sacred heart of Jesus

Saint Francis of Assisi Further differentiates Cross and Crucifix

Another change came after the wounds of the crucifixion mysteriously appeared on the hands of St. Francis of Assisi in September 1224.  From that time Christians became interested in depicting the five wounds of Christ.

The Crown of Thorns

The body of Christ on the crucifixes were crowned with a crown of thorns after 1239.  This happened because the church in Constantinople sent King Louis IX, what they believed to be the Crown of Thorns from Constantinople.

Editors Note: Crown of Thorns, the wreath of thorns was placed on the head of Jesus Christ at his crucifixion, whereby the Roman soldiers mocked his title of “King of the Jews.” A relic purported to be the Crown of Thorns was transferred from Jerusalem to Constantinople by 1063. -  Britannica 

crown of thorns

The influence of fine art over the centuries

Gradually and after many centuries artists, commissioned by the Church, rendered the Crucifixion of Christ in a realistic manner.  At the end of the Middle Ages this realism became almost excessive. 

Pectoral and reliquary crosses

The custom of wearing a cross hanging from a cord or chain round the neck appears to have been known since the fourth century.  Not only priests and monks wore these crosses; but lay people too.  The crosses were sometimes made of metal or with a cavity for relics.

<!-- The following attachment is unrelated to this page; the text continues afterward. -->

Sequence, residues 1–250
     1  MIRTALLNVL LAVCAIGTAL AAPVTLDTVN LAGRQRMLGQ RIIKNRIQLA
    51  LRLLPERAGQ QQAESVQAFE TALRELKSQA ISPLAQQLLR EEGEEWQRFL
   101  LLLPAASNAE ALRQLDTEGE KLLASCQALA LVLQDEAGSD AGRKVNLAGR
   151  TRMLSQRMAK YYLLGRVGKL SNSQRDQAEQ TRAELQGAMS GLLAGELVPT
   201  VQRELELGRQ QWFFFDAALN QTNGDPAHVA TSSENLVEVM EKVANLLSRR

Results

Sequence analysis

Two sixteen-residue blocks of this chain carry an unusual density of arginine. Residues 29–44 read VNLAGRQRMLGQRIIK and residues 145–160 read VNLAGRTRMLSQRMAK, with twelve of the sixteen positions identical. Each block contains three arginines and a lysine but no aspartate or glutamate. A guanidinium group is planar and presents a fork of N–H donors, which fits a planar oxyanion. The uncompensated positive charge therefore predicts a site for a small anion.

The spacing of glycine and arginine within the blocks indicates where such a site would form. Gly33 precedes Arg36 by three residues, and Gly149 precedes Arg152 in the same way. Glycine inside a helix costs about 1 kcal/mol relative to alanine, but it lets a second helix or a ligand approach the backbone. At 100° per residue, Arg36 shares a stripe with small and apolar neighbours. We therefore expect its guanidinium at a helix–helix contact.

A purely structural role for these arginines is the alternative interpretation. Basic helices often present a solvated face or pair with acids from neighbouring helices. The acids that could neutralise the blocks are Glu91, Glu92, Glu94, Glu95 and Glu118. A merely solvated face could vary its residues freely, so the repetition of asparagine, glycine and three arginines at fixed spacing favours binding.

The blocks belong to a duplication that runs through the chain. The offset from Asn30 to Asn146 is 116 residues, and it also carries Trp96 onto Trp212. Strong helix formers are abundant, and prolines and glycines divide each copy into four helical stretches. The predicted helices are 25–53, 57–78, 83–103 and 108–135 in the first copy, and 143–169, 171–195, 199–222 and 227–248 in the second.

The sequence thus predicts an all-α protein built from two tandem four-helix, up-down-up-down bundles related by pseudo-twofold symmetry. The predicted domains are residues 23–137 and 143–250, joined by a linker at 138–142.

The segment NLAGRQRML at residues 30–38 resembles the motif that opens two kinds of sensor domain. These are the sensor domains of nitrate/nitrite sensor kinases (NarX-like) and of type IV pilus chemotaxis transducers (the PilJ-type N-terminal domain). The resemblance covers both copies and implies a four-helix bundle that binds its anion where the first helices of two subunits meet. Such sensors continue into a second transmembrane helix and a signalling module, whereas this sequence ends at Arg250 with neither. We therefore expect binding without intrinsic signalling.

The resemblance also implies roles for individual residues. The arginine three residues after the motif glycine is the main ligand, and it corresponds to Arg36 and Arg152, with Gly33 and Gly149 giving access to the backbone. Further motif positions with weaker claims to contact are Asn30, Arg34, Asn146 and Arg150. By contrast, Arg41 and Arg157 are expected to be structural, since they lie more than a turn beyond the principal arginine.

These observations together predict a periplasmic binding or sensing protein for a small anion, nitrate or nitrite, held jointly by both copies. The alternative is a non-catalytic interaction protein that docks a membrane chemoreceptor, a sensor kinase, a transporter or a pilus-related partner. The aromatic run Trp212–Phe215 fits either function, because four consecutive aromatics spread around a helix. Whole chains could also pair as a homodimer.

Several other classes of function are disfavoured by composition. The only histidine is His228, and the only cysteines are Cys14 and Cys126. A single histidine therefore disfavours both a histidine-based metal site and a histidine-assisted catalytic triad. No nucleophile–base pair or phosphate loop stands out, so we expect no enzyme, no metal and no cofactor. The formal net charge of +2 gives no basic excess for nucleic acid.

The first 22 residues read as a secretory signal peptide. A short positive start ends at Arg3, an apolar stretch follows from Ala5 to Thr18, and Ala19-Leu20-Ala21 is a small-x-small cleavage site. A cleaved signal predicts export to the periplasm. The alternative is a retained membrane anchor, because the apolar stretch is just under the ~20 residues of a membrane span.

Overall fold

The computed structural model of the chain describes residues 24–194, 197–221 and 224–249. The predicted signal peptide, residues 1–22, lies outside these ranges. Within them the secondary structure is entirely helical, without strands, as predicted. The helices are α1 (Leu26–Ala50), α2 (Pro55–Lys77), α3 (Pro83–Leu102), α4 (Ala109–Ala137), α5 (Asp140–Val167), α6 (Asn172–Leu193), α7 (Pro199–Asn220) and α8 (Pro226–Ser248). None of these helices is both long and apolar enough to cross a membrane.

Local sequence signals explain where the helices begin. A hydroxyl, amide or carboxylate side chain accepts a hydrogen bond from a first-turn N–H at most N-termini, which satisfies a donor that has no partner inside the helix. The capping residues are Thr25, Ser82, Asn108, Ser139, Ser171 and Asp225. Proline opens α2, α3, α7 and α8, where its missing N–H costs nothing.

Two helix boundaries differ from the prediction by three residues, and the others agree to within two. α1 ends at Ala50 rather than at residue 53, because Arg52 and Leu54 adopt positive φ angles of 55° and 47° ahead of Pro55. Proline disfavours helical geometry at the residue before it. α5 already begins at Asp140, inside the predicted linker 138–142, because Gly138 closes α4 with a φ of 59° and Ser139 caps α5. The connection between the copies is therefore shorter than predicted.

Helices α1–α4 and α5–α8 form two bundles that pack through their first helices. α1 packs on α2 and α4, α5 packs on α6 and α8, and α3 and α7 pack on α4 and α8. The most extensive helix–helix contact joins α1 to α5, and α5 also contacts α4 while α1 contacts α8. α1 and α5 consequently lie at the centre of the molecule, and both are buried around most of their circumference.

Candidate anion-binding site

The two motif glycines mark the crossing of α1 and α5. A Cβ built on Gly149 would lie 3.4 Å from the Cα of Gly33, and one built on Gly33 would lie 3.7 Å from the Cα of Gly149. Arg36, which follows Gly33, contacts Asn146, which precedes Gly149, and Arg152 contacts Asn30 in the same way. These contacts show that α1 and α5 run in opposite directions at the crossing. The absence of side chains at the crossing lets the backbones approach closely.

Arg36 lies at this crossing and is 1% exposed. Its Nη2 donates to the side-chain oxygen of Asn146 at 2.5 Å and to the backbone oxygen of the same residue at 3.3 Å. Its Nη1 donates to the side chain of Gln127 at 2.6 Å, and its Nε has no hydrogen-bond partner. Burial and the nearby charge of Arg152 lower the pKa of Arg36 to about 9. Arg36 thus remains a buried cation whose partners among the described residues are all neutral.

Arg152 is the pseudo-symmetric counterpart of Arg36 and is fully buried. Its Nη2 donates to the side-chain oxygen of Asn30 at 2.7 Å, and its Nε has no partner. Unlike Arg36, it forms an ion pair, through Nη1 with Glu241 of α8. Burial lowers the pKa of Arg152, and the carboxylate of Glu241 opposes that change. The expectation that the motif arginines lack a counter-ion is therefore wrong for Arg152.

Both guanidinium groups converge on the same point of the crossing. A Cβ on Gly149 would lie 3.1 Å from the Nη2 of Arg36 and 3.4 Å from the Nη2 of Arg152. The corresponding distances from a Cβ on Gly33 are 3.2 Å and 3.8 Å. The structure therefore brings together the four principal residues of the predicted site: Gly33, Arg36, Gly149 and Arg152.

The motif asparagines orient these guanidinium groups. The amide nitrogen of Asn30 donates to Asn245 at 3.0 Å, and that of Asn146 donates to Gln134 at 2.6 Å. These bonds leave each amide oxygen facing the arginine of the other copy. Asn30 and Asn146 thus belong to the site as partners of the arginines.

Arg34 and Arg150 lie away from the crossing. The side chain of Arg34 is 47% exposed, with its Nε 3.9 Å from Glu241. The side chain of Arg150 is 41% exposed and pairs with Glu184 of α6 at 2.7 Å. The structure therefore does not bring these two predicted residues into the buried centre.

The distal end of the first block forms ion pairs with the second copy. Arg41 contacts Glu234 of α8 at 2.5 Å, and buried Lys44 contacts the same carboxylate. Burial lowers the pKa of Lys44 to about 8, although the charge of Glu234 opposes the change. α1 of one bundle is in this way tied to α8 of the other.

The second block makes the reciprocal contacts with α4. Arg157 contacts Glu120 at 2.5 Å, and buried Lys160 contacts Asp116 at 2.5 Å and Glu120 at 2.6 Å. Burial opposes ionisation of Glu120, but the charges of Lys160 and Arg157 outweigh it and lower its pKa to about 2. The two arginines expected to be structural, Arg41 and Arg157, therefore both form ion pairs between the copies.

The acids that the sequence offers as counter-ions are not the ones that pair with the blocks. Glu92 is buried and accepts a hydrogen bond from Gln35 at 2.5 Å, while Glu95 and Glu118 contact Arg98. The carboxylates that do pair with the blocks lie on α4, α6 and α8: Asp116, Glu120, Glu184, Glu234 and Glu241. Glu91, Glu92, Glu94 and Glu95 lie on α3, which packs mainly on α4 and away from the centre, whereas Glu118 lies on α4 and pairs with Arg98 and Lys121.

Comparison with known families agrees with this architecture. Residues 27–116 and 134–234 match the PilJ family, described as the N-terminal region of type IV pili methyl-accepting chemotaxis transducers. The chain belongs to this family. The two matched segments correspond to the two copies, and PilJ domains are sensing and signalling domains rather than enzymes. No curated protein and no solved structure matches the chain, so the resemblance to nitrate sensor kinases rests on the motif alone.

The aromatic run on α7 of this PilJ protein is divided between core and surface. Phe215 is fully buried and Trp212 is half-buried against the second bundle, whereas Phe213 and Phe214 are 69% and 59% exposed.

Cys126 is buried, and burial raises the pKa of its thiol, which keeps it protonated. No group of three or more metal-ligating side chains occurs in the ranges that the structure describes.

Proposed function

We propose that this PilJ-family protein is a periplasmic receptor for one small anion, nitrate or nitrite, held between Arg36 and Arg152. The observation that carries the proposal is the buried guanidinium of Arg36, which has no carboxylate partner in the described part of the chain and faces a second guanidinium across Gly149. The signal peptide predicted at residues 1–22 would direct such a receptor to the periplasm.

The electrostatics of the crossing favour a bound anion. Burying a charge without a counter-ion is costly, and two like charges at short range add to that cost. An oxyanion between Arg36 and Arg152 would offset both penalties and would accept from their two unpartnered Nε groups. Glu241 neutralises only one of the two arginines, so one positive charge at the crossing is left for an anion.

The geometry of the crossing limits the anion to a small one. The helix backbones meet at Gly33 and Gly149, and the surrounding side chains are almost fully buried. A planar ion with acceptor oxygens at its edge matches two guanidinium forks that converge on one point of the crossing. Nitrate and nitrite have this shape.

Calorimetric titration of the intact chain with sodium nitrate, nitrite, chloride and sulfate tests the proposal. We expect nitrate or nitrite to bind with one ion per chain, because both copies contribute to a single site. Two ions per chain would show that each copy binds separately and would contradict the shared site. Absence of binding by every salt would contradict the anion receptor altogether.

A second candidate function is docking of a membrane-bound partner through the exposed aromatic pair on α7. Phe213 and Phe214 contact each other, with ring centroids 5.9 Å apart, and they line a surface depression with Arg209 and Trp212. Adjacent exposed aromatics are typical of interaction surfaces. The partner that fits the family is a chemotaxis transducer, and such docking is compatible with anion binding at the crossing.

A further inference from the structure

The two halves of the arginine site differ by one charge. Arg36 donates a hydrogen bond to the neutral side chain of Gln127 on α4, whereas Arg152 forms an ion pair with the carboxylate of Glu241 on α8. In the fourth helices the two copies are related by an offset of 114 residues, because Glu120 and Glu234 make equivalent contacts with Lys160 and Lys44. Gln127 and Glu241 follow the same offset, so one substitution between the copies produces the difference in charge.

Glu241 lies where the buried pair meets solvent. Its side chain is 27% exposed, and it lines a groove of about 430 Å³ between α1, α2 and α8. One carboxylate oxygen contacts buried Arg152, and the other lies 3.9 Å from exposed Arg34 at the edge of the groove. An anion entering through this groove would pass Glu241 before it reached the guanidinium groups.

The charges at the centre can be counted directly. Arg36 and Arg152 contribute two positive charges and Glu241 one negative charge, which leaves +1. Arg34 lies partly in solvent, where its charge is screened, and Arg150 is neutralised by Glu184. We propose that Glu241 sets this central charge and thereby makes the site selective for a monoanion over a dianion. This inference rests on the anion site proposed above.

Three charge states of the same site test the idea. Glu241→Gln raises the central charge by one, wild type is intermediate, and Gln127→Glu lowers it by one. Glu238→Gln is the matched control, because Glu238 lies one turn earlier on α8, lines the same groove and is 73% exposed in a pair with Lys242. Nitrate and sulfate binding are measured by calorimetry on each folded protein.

In the West people associated with the church would wear crosses around their necks as a sign of rank.  This habit started after the Reformation as a symbol for the Counter-Reformation.

This pectoral cross or encolpion as it is known when worn by bishops of the Orthodox Church, suggests that the original cross on a chain was a portable reliquary, in other words a cross that holds a relic.

Reliquary

Contemporary use of cross and crucifix

After about 2000 years of religious wars, dogmatic differences and general unpleasantness about religious symbols, to many, the cross might have lost a little of its prominence as a Holy Christian symbol. 

It frequently appears in design and art and it is worn as jewelry by Christians and atheists, by gospel singers and Hip Hop artists, often with no understanding of its deeper meaning.

But Christians know that true conversion happens in the heart, therefore it makes no difference which design you display. 

Cross or crucifix? Which one would you choose?